Saturday, June 8, 2013

Can you expect digital privacy?

How Would a Patriot Act?
Since the stories of the government looking at cell phone records broke, I have friends on the left and the the right (and especially the Libertarians) who are very concerned, and some shocked, at the amount of information the government has access to about us ordinary citizens.  I guess maybe some of them weren't really paying attention when FISA was being renewed and when the Patriot Act was enacted.  None of this is exactly shocking to me. The only "news" was some of the details.  I had already heard the government had a program for monitoring internet activity for key phrases associated with terrorism.  I certainly expected that they could get access to phone records in the course of an investigation.  I think these stories are being blown way out of proportion. The bigger concern, for me, a law abiding non-terrorist citizen is not what the government is doing with that data, it's how that data impacts our "private" lives.  I'll get to that later.

First, I think we need to sit back and think of how much privacy we can reasonably expect in the digital world we live in.  I had a friend use the analogy that the government going through our phone records is like coming in and looking through our panty drawers.  Of course, all analogies fall apart at some point, but here are the reasons I don't see this as being particularly analogous.  I think we could all agree that to have the government come into our homes and go through our personal property would be an invasion.  They have to come into our homes to do it.  And, our panties are obviously our personal property. Data though- whom you have called- not the call itself.  Is that "property"?  If it is, is it your property? Does it belong to the phone company?  It's not a physical thing.  You didn't purchase it.  You didn't make it.  Do you own it?  Keep in mind, the program that has so many people upset is the government looking at records of who you called.  It's not the phone conversations themselves.  This is not "wiretapping".  It might feel like an invasion, but is it?  This is being called spying by some, but I don't agree with calling it spying.  If the government were listening in on the conversations themselves, that would be spying.  They are looking at lists of records gathered/generated by the telephone companies.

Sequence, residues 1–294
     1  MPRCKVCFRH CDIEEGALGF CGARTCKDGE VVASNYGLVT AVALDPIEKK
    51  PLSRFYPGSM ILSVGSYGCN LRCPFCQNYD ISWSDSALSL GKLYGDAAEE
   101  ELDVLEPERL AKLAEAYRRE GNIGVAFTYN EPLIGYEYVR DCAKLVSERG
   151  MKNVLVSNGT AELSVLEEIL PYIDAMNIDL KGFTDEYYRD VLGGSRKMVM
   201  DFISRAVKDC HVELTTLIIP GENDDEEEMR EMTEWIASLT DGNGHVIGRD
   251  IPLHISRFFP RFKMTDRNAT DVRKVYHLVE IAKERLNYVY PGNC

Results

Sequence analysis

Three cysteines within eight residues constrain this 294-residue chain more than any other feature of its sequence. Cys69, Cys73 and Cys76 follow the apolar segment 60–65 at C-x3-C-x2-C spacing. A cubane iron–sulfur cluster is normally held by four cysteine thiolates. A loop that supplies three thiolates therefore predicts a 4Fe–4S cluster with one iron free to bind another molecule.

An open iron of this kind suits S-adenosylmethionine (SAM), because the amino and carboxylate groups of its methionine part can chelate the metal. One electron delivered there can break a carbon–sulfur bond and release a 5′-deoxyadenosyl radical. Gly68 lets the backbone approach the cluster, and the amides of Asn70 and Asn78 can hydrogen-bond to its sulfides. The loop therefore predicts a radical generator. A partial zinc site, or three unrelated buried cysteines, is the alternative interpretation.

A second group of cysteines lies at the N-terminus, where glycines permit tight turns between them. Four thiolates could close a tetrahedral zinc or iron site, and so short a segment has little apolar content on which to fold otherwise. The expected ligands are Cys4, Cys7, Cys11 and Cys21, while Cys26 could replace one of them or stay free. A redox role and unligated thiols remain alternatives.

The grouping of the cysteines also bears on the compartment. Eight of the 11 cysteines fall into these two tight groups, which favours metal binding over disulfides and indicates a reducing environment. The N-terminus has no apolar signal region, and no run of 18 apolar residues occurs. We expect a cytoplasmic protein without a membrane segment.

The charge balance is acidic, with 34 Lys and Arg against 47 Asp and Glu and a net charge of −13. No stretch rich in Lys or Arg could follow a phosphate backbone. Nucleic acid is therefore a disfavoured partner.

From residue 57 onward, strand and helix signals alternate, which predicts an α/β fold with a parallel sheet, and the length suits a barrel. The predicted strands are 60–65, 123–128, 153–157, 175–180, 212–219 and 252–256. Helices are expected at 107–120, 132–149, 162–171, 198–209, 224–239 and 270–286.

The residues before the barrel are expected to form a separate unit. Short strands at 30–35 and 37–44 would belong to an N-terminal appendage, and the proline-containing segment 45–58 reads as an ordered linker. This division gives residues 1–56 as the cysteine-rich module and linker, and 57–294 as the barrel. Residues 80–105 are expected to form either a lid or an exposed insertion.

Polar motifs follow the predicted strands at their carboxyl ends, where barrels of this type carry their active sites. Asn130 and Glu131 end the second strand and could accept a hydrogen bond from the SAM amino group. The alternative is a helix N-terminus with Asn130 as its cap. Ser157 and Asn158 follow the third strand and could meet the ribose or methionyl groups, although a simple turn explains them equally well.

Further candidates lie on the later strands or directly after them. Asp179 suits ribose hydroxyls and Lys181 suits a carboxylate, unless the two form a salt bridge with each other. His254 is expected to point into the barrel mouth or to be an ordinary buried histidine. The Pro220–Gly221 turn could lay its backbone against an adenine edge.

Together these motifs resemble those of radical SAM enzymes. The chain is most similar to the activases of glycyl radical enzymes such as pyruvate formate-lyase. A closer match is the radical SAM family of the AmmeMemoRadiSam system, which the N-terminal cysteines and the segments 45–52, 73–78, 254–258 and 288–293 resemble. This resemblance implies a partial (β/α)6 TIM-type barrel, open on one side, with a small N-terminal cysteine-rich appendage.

Then, I think about how much paranoia we have since 9/11.  We gladly allowed the government to spy on us, with limits, after we were attacked almost 12 years ago.  We expect the government to keep us safe from terrorists domestic and foreign.  The Boston Marathon bombing was a reminder that not all terrorists come from outside the United States.  Both brothers, even though foreign born, were US citizens.  There was some amount of criticism, rightfully not much, that the FBI and other agencies didn't do their jobs because they didn't know what the Tsarnaev's were up to.  One way of finding out who is being radicalized would be to find out who is talking to the radicals.  That data is just sitting out there as many of these groups are using the internet and telephones to do their communications.  Anyone who didn't expect law enforcement to go after that, well....

Last, as a law abiding non-terrorist, I don't care if the government is looking at metadata about whom I call.  I don't care if they're looking at my Facebook posts or my emails for key phrases.  I really don't.  What concerns me more is what private companies are doing with the data out there about me.  They have a lot more likelihood of impacting our personal lives. Already, credit card companies are lowering people's credit ratings based on patterns like spending more time in bars or buying certain items.  Grocery stores are selling loyalty card data (your Kroger Plus card purchases) to insurance companies who are using it to see what type of risk you are.  This article Grocery Loyalty Card Purchases Surveilled by Insurance Companies has me a lot more concerned than anything I've heard about the government looking at phone records.
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